Sleek aerodynanism was a recurrant look and feel to the art deco figural form. This can be seen as a response to the technical advances in travel – by air, car, train and boat – that were enabling mass commercial travel to really grown in the 1920s. In turn the designs of these modes of travel incorporated a streamline look for quicker travel. These advances can really be seen in the architectural works – for eg the Streamline Moderne movement – of the day which have fine lines, elegant areoplane-like curves and a clean symmetry.
Cubism is an early Twentieth century art from that emerged in Paris in the early 1900s. It’s leading proponents were Georges Braque and of course Picasso. The impact of Cubism were far-reaching and definitely influenced the art deco bronze figural form, mainly in the way faces were depicted with slightly exaggerated features and clean angular lines. The look often had an almost tribal art feel, again a response to an opening up of the world to other cultures and arts as anthropologists and ethnographers encroached on formerly remote tribes and parts of the world.
(Above: Egyptian Dancer statue by Colinet)
In 1922 Howard Carted and George Herberts (5th Earl of Carnarvon, and owner of Highclere Castle aka Downton Abbey) discovered Turankhamun’s nearly intact tomb. This led throughout the 1920s to a fascination with all things Egyptican – pharos, pyramids, pharaoh hounds, obelisks etc – as images and photos were brought back from Egypt and manifested itself in the art and design. Again particuarly Chiparus who had a penchant for all manner of Egyptian dancers and belly dancers, a flirtation with the exotic.
(Above: A right bunch of Flappers! Where’s the champagne and jazz records?)
Tieing in with female emancipation touched on above through universal suffrage, was the emergence of the ‘new breed’ of young Western women called ‘flappers’. The flapper wore short skirts, had bobbed hair, danced to jazz, drank, smoked, had casual sex and generally flouted any social norms they could. They sound like a lot of fun and greatly advanced the cause of liberalism. As such it was a great influence on the art deco bronze figural form.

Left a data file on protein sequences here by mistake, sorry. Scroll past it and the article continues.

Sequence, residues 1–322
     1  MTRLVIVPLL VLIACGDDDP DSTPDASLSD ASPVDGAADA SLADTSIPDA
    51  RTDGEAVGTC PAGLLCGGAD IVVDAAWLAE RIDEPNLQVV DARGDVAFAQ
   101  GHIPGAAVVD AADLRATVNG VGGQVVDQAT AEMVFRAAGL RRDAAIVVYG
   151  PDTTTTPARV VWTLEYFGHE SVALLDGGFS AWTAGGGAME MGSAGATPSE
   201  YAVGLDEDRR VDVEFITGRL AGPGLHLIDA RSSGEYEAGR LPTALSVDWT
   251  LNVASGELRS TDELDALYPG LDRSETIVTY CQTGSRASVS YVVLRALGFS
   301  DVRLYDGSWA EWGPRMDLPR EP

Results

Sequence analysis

CLOWNS AND ODALISQUES
(Above: Lovely Odalisque figurine in the form of a lamp)
Clowns – predominantly the Harlequin and Pierrot – seem to be a recurring fixation in the figural form. Clowns have always been a mild obsession in French culture and in the 1920s silent films, clown antics would have been a main source of humour and entertainment. As most of the important figural works and artists came out of Paris we can see the direct causation here.
The odalisque – another 1920s artistic fixation – was a concubine in a Turkish harem. Artistically it emerged as an eroticised genre in which a normally semi nude Eastern woman lies on her side on display for the specator. Maybe it was just another great motif within which to study the female form, preferrably in a partially clothed manner.
DH Chiparus, although now ubiquitous, has to be the most important and iconic sculpturist working out of Paris in the 1920s. Original works of his command figures well into six noughts and are highly sought after and collectable. He really was a man of his times and the whole look and feel of the roaring twenties seem to reach its zenith in his statues and figurines. Here are some of our current favourite Chiparus pieces:
(Above: Chiparus Fan Dancer statue – Harlequin meets Ballets Russes)